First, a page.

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Advocacy group joins doctors to help families of children with asthma on World Asthma Day

By Kimberly Craig

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    DETROIT (WXYZ) — Khyra Jackson remembers the day her daughter first showed signs that she was struggling to breathe.

“She was just playing and it took her awhile to catch her breath and I thought that was kind of weird because she had been totally fine up until that point,” Jackson told 7 Action News as four-year-old Treasure met with doctors inside the Asthma and Allergy Clinic of Children’s Hospital of Michigan.

“I encouraged her, ‘If your chest hurts or if you can’t breathe,’ let mommy know or let somebody know,” said Jackson.

The family’s appointment for Treasure falls on World Asthma Day, an annual event aimed at improving asthma awareness and care around the world. And right here in Michigan, particularly Southeast Michigan, the need for awareness is vital.

“Southeast Michigan has a lot of the triggers; poor air quality, lots of pollen, and, in the city itself, we have a lot of vectors that can lead to the allergy,” said Kathleen Slonager, Executive Director of the Asthma and Allergy Foundation of America, Michigan chapter.

In Michigan, 8.4 percent of children reportedly have asthma. And, according to researchers, in Connecticut, 11.8 percent of all children were estimated to currently suffer from asthma.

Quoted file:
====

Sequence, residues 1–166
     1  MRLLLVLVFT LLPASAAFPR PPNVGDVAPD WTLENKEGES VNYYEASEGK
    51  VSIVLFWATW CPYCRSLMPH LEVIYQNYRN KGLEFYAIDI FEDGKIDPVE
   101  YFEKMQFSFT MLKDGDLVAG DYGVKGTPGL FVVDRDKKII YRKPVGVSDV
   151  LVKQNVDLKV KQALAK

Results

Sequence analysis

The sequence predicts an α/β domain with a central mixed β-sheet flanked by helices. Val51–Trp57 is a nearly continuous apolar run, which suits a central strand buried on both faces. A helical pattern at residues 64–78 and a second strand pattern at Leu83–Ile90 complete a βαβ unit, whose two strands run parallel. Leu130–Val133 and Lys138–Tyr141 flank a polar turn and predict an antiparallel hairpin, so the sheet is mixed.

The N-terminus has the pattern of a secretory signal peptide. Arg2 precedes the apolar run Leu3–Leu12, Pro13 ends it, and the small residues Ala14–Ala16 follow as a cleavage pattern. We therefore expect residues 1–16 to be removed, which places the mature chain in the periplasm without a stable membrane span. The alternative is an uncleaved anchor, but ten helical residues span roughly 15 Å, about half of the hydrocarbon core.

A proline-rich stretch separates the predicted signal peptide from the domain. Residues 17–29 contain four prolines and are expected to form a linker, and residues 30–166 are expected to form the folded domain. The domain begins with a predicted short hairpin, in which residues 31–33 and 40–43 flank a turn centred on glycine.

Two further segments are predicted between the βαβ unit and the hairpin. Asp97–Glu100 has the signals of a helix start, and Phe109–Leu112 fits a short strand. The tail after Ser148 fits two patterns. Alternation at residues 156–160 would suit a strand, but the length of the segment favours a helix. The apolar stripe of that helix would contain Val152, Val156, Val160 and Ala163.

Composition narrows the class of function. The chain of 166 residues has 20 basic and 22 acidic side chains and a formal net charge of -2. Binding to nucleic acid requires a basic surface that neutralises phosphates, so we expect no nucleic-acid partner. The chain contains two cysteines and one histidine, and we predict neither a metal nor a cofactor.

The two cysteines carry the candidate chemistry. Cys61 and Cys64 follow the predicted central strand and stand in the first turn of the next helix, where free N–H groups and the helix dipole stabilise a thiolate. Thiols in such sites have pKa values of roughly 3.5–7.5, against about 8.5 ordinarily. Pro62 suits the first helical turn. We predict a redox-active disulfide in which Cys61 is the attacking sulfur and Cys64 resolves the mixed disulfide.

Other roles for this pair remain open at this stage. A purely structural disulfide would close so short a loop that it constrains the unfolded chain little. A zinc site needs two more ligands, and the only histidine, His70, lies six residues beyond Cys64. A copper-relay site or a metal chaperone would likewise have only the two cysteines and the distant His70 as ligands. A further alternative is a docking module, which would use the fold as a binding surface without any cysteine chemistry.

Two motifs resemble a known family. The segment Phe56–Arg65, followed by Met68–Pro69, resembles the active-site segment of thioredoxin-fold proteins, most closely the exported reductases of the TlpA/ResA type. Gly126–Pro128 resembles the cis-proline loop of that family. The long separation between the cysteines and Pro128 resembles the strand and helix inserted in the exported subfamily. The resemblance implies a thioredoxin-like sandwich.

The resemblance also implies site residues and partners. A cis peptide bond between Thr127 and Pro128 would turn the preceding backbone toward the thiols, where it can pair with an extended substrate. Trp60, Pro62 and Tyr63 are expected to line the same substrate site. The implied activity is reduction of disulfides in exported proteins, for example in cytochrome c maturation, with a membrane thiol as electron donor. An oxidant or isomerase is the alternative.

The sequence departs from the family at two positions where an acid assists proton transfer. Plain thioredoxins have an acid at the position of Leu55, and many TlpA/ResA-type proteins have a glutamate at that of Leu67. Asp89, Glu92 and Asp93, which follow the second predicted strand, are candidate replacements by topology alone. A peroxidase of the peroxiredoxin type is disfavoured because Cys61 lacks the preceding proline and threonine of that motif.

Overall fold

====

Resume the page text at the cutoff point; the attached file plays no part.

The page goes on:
And genetics also has a lot to do with it.

For Treasure, her dad and grandmother both have asthma.

To help gain awareness and the understanding that controlling asthma is key, the Asthma and Allergy Foundation of America delivered dozens of backpacks to the clinic Tuesday, each filled with everything from an allergy-friendly stuffed animal, a guide to managing asthma, an asthma action plan, a peak flow meter as well as instructions on how to use one.

The instructional information is what can help parents and guardians really help their children achieve success in controlling the disease.

“It’s extremely important,” said Lana Hardin, President of the Asthma and Allergy Foundation of America, Michigan chapter.

Hardin, whose son also has asthma, said getting children into the habit of understanding what they need to avoid can help them lead healthy lives.

But, for some families, staying on top of controlling asthma is difficult.

“Since it’s a chronic disease, you need a daily medication. It is very hard for the family to stay on top of it and then do that on a daily basis,” said Dr. Pavadee Poowuttikul, also known as Dr. Dee, of DMC Allergy and Immunology.

To help patients and their families understand how asthma works, Dr. Dee performs a skin test to show the inflammation caused by allergic reactions.

“The patient can visualize that. Their parents can see that. So I say this thing can happen, too, in the airway, we just don’t see it,” said Dr. Dee.

For information on the Asthma and Allergy Foundation of America, Michigan Chapter, you can visit

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